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King Rat (1965)
"King Rat" is a Philippine Division veteran, possibly a Bataan survivor
George Segal's character's uniform khaki blouse gives away his origins as a U.S. P.o.W. in a Japanese Prison Camp filled largely with British military personnel. His Shoulder Sleeve Insignia (SSI), on his left sleeve, is clearly the patch of the pre-war U.S. Army's Philippine Division, a gold carabao head on a red field. This outfit, which was based on the Philippine island of Luzon at Forts William McKinley and Stotsenberg, was composed mostly of the native Philippine Scouts, although there were American troops in the all-white 31st Infantry Regiment (the "Polar Bears")and some of the Coast Artillery units on the Fortified Islands and among the service troops.
Segal's character must have come out of one of those units. It is hard to say if he had indeed gone on the Bataan Death March, however, he seems to have been resourceful enough to survived that ordeal, the prison camps at Camp O'Donnell and Cabanatuan, and the Hell Ships.
Back to Bataan (1945)
One surviving Bataan defender really loves this film!
My father, who is now in his late eighties, was one of those Philippine Scouts (of the US Army) who defended the Bataan peninsula as part of the USAFFE (US Armed Forces Far East) from early January to 9 April 1942. He was an Aid-Man in Company C, 12th Medical Bn. (Philippine Scouts), and witnessed combat at the Battle of Abucay Hacienda (around 11-13 January 1942), which is on Bataan, while supporting the 57th Infantry Regt. (PS). Later, as a Runner for the 12th Medical Bn., he came into contact with those US Army nurses at Hospital No.s 1 and 2, who were portrayed by Claudette Colbert, Paulette Goddard, Veronica Lake, and others in "So Proudly We Hail" (1943). He survived about five days walking sixty-five miles on the "March of Death," being packed with about 100 other PoWs into a rail car designed to hold maybe forty men on the last forty-mile stretch to the prison camp, and then eight months in the Hell of Camp O'Donnell, or "Camp O'Death." My Dad loves this movie because it is so moving in many ways. As a result, we, his Baby Boomer children, are also big fans of this film, and will be for the rest of our lives.
Moonlighting: Knowing Her (1985)
My second-most favorite Moonlighting episode
A moving story-line: a woman suddenly reappears from Addison's pre-Maddie life. She was a girlfriend with whom David had shacked up, until, one day, he returned home to their shared apartment in LA, and she, and all of her belongings, were nowhere to be found. This lady's apparently accidental convergence into the lives of the two detectives of the "Blue Moon Detective Agency" moves the heretofore hard-bitten David, who, it is obvious, never got over this "girl that got away." Maddie too is affected by the femme fatale played Dana Delany, who is at the height of her beauty in this story. Maddie, to the once-again-love-stricken Addison's glee, seems genuinely jealous of David's new-old flame. The use of the Isley Brothers' 1966 tune, "This Old Heart of Mine (is weak for you)," in a key moment in the episode makes this a truly memorable "Moonlighting" entry.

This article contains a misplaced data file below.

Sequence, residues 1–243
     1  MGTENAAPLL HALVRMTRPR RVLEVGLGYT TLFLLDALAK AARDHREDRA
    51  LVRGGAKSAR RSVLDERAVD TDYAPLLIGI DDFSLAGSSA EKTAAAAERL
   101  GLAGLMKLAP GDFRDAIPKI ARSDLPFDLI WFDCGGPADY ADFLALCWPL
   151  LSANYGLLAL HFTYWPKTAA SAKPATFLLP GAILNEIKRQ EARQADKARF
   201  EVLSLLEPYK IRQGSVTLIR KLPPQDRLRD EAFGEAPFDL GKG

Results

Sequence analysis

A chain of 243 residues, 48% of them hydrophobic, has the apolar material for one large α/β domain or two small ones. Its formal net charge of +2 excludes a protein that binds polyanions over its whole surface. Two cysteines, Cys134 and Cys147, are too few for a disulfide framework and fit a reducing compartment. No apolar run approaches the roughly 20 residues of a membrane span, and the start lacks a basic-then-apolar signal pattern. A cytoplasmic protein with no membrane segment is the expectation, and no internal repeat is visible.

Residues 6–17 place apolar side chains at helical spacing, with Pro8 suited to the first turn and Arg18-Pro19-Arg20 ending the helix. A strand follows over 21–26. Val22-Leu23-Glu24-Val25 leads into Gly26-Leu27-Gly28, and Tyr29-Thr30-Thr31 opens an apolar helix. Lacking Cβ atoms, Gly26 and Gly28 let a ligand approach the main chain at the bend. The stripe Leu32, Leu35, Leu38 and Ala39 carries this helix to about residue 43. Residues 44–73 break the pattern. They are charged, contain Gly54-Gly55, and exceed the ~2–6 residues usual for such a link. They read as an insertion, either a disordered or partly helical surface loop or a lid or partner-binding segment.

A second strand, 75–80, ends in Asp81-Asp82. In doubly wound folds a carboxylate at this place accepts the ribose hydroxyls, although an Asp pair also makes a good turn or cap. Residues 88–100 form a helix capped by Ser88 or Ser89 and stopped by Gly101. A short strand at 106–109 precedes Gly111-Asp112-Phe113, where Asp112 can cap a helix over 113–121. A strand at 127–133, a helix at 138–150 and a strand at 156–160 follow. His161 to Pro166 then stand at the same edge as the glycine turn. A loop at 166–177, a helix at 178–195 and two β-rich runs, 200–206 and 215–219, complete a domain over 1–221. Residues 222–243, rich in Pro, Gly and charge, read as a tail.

The Twilight Zone: Two (1961)
A powerful Cold War "fable"
This is one of my favorites along with the Mariette Hartley and Robert Lansing "Sandy" and the Agnes Moorhead-and-the-tiny-spacemen episodes.
It is an important take, from mid-1961, on the long Cold War that the U.S. was then embroiled in. The beaten-down city-scene, the near-starving characters' sparse dialog, their threadbare uniforms, and the minimal action "says" it all: the absurdity of an on-going conflict that threatens to destroy human life, modern civilization, and all that is sweet and redeeming about it.
It is a "fable" because it was made in a time in which, had events turned out differently, such as the second Berlin Crisis (Spring 1961) and the subsequent Cuban Missile Crisis (Oct. 1962), it would have actually been a reasonable representation of one of the U.S.'s major cities, ruined and replete with a few miserable survivors. I also see it as a "fable" because it is not only a cautionary tale, but because it is the most redemptive of all our popular myths: it is a love story, set in an impossible situation, and involving two highly mismatched lovers.
Courage of Lassie (1946)
WW II veteran Lassie suffers from PTSD
As the relative of someone who has suffered Post-Traumatic Stress Disorder (PTSD) originating in his own experiences in the early part of WW II --- it is now some sixty-five years here in mid-2007 from those absurdly horrible and also unbelievable few months of his then-young life --- this is a terribly important film for me. Although Bill/Lassie is allegedly just some lost dog in the movie, what he experiences as a K-9 dog-soldier within the U.S Army's campaign to push the Imperial Japanese military out of its conquests in the Aleutian Islands in 1942 forever scars him. He comes home to the Elizabeth Taylor character in Washington state a haunted, and hurt animal and veteran. I relate very much to this story, and that is why I love this movie.